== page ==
Senate to PSC, POC: Promote sports, not just go for medals

Jane Bracher

FOR SPORTS. Cayetano and Angara look into the non-inclusion of several teams. Photo from Cayetano's office.

MANILA, Philippines — A chance to compete and bring pride to the country. That is all the members of the country’s national teams are after. 

Yet for the upcoming Southeast Asian Games to be held in Myanmar this December, a good number of national athletes might not get that opportunity. 

With the SEA Games barely two months away and the deadline for the submission of delegations passed, the Philippine Sports Commission (PSC), the Philippine Olympic Committee (POC) and the National Sports Associations (NSA) are continuously being scrutinized for the lineup they will be sending. 

The number of delegates stands at 210, the smallest Philippine delegation yet. But even more flak went the way of the committees with several promising teams being excluded from the lineup. Among them is the National Dragon Boat team, which won gold at the 2011 SEA Games and has been a strong contender since 2003. There will also be no Philippine representative for volleyball, while the Azkals U23, despite offering to shoulder their own expenses, were also not given the go signal. 

Dragon Boat team in limbo

During a Senate public hearing on Tuesday, October 22, the PSC, POC and the NSAs came under fire as Senator Pia Cayetano pressed the sports committees for explanations regarding the selection process. 

As it turned out, the entire Dragon Boat team was terminated last July 15, 3 days after filing a complaint against several people from the NSA.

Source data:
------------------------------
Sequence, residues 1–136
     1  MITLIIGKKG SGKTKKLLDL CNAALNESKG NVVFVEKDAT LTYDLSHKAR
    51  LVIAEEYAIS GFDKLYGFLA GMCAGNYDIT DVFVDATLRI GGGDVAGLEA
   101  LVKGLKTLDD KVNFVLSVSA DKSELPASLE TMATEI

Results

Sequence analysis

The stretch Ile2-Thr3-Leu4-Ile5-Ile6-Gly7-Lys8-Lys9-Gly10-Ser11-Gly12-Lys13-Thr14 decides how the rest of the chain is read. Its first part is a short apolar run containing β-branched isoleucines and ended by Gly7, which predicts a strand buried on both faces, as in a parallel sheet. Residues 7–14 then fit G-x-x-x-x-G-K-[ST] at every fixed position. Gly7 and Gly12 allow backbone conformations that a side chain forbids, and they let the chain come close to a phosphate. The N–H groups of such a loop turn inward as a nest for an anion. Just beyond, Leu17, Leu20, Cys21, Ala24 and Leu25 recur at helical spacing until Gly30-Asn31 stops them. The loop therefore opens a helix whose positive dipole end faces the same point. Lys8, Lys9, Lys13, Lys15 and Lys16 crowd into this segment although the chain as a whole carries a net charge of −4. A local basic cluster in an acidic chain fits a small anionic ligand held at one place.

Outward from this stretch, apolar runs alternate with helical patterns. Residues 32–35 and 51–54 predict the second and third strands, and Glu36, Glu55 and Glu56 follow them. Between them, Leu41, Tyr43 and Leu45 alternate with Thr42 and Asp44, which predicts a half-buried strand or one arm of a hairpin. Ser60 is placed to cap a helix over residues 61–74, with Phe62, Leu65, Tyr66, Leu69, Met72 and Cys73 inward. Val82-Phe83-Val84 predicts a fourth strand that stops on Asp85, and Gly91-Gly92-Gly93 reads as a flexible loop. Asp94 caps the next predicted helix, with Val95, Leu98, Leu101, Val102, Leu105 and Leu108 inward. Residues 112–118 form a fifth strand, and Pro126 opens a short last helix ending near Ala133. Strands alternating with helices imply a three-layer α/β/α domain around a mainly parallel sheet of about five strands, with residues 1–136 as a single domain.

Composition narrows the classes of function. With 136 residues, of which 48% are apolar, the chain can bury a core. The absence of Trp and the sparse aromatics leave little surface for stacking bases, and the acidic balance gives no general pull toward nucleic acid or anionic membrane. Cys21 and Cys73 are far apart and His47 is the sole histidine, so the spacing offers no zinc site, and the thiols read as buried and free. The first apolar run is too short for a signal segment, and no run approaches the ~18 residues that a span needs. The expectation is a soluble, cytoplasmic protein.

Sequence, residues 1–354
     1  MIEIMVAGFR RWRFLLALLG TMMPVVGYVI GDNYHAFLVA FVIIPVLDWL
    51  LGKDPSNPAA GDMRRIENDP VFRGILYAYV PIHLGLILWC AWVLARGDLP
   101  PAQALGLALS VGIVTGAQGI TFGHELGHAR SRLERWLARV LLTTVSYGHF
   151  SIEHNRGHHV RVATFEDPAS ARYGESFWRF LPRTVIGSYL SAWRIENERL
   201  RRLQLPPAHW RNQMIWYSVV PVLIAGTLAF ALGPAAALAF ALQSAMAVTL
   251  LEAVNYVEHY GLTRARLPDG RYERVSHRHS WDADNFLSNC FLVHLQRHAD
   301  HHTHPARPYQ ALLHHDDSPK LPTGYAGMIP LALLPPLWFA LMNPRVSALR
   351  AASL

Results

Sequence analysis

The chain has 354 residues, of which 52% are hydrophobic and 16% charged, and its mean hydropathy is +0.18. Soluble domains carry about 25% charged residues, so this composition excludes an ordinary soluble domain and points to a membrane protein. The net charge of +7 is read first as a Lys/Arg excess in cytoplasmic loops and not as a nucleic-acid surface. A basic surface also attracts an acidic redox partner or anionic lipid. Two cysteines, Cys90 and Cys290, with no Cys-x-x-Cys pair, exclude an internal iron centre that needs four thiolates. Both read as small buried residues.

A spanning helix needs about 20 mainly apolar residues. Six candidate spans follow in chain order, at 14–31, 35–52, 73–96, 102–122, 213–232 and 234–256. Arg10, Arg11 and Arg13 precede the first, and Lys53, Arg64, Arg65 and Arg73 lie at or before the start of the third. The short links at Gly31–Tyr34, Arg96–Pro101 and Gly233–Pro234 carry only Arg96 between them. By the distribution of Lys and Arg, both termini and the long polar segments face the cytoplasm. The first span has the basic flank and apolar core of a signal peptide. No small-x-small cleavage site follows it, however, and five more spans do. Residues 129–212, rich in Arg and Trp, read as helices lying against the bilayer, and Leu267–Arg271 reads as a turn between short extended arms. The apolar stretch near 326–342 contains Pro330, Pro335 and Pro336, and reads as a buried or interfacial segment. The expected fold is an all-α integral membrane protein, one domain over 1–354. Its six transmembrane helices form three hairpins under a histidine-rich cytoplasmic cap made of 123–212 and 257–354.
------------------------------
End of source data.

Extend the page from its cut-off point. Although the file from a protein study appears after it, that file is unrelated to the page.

According to Noelle Wenceslao, the Dragon Boat team’s assistant team captain who was present in the hearing along with the rest of their team, they decided to request for an investigation against alleged questionable disbursement of funds and unethical conduct involving the treatment of athletes and drinking during international competitions.

“(Sa) isang meeting po namin we were given a courtesy resignation by the POC. Our team captain was terminated right then and there,” Wenceslao explained. “It was a meeting between the athletes and the NSA. Sa amin lang yun, doon sa bleachers. It was really not a formal meeting.” 

Due to the team’s termination, it followed they would not be endorsed by the NSA despite the team already being included in the initial entry count submitted to Myanmar in June.

Eventually, the PSC revoked the team’s participation. According to Tomas Carrasco, any team without an endorsement from the NSA is not allowed to compete for the national team. Wenceslao also stated that the team is currently in limbo as they have not received any allowance for three months. 

“Patuloy po kami nage-ensayo but since July, we have not received allowance for 3 months. We are still training for the SEA Games. If we’re given the chance, we are ready to compete at the SEA Games,” Wenceslao said. “It hurts that hindi kami makakapag-SEA Games because of technicalities.”

To complicate the situation further, one of the assistant coaches, Victoria Din, confirmed she personally saw alleged tryouts for a new team being conducted at the CCP area early on Tuesday. 

“We feel that we are the complainants and yet kami bigla yung nasa floating status,” Wenceslao added.

Athletes should be protected, goals should be firm

Two years ago, the country pinned its hopes up high with the expectation of 70 gold medals. Instead, the 512 Filipino athletes failed to meet expectations as they hauled only 36 gold medals, the country’s lowest in 10 years. The Philippines finished 6th overall, which resulted to a lot of criticism as well.

This year, the PSC and POC are expecting the 210 athletes to take home a maximum of 46 gold medals and a minimum of 26. But for Cayetano, meeting the projected number of gold medals for the Philippines in relation to the number of delegates or simply getting the highest percentage of medals should not be the main goal. Instead, the goal must be to attain the first rank overall, if not a podium finish. 

“Let us not reinvent our standards by saying (we achieved) 50% winning (medals). It’s good. I am with you in admiring na kalahati ng umalis may dalang medal. But it is not something that people will pat us on the back for,” Cayetano explained.